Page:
Suffolk: It is the difference between life and death - councillor backs campaign to Save Our Stroke Services

Christopher Hudson, district councillor for Framlingham, says the introduction of car parking charge

Christopher Hudson, district councillor for Framlingham, says the introduction of car parking charges in the town would be a 'non starter' - Credit: Contributed

STROKE patients could be at risk if controversial proposals over the future of stroke services become a reality, a concerned councillor has warned.

The East Anglian Daily Times launched the Save Our Stroke Services campaign yesterday after it emerged patients who suffer a stroke could have to travel to Addenbrooke’s Hospital in Cambridge or to Colchester to receive emergency care.

The NHS Midlands and East Stroke Review is understood to be considering three options for the future of stroke care in Suffolk – one would see Ipswich Hospital and West Suffolk Hospital without hyper acute stroke units (HASUs).

Instead stroke patients would have to be taken by ambulance out of the county.

The three options which an Expert External Advisory Group (EEAG) is expected to recommend to health bosses in Suffolk are:

n HASUs, providing emergency treatment, at Addenbrooke’s and Colchester with acute services, providing rehabilitation, at Ipswich and West Suffolk hospitals

n A HASU at Ipswich with acute services at Colchester and West Suffolk Hospital

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n HASUs at Ipswich and Colchester hospitals with acute services at West Suffolk Hospital

Christopher Hudson, Framlingham district councillor, said: “I’m right behind this campaign.

“We must make it very clear that emergency stroke care should be in Suffolk.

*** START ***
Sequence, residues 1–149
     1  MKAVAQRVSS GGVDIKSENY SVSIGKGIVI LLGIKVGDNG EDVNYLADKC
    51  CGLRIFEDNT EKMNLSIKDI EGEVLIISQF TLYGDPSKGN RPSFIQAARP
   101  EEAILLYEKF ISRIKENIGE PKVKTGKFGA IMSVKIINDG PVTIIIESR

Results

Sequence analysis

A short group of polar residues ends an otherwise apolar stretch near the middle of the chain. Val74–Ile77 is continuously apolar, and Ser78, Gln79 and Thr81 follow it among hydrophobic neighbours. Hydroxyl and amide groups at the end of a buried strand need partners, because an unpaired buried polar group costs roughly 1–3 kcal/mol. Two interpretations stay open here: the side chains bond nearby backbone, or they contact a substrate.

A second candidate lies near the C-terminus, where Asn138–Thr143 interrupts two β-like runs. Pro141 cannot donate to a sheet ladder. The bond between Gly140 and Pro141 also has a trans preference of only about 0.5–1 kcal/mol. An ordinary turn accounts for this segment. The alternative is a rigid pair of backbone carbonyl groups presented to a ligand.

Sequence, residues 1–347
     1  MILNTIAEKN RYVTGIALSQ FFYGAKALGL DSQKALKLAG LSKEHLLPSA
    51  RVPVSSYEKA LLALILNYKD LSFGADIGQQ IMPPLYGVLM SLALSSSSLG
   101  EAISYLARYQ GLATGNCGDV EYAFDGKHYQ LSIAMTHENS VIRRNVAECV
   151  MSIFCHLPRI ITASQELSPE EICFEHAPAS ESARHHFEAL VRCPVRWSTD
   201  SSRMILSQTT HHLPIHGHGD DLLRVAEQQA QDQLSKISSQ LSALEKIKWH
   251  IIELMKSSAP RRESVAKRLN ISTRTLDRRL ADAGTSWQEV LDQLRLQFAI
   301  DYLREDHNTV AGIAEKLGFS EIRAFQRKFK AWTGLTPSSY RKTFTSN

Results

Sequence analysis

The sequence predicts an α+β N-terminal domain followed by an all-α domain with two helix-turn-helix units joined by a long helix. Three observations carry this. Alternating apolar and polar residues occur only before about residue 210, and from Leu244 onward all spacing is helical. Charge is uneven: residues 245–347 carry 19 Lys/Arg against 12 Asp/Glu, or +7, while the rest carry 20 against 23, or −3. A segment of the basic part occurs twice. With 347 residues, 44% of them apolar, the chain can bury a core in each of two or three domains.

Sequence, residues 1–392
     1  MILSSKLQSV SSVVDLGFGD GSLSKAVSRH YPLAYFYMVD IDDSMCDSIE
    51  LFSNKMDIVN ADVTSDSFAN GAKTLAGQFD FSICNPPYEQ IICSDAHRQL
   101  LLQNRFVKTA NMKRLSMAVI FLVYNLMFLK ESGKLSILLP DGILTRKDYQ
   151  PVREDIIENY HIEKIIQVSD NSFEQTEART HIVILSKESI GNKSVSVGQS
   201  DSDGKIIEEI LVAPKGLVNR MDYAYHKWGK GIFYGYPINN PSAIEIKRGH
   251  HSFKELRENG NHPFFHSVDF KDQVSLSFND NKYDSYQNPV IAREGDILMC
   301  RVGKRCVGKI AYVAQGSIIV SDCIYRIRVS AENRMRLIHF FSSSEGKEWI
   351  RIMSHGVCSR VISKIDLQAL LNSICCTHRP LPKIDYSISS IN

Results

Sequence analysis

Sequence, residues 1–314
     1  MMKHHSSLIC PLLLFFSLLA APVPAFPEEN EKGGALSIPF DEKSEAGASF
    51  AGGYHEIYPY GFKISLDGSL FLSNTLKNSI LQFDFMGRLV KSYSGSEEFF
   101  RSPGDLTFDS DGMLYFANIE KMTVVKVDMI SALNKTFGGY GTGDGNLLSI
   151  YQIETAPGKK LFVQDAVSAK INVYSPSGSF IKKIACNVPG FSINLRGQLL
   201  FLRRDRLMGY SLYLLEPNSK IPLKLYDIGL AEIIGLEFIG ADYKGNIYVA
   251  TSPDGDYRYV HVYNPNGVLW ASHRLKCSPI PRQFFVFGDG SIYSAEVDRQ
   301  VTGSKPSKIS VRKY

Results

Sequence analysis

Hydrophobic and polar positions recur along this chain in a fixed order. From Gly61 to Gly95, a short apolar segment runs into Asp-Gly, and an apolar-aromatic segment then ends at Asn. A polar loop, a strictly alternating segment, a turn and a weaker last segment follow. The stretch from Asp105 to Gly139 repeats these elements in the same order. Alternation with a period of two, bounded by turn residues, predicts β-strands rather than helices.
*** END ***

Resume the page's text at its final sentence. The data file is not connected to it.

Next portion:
“I understand that all options are on the table but this could be the difference between life and death. It is vital it stays at Ipswich - I can’t stress that enough. If time is lost, people will be dead.

“Framlingham would exemplify the problem. We can’t rely on roads always being clear to get us to Colchester in time.

“We have to forget this option immediately so that people can sleep soundly in their beds.”

And chairman of the watchdog, the Suffolk Health Scrutiny Committee, Alan Murray said he would expect any proposal to move emergency care out of Suffolk to be properly scrutinised.

“Certainly health scrutiny are not involved at this stage,” he said. “Although it is a subject that would and should be fully scrutinised at the appropriate time.”

An NHS Suffolk spokeswoman said health chiefs are committed to creating a HASU service in Suffolk.

She said both Ipswich and East Suffolk Clinical Commissioning Group (CCG) and West Suffolk CCG – who will take over from the primary care trust on April 1 – have signed up to a strategic statement.

She added that no decisions have been made and the CCGs are waiting for the final suggestions from NHS Midlands and East. Under the EEAG criteria neither Addenbrooke’s Colchester, Ipswich and West Suffolk hospitals are HASUs at the moment.

The strategic statement states: “We will commission HASU and acute stroke services from both Ipswich Hospital and West Suffolk Hospital.

“We expect to commission a collaborative model of acute care with stroke consultants working between the two hospitals, support by telemedicine, to provide 24-hour cover seven days a week.”

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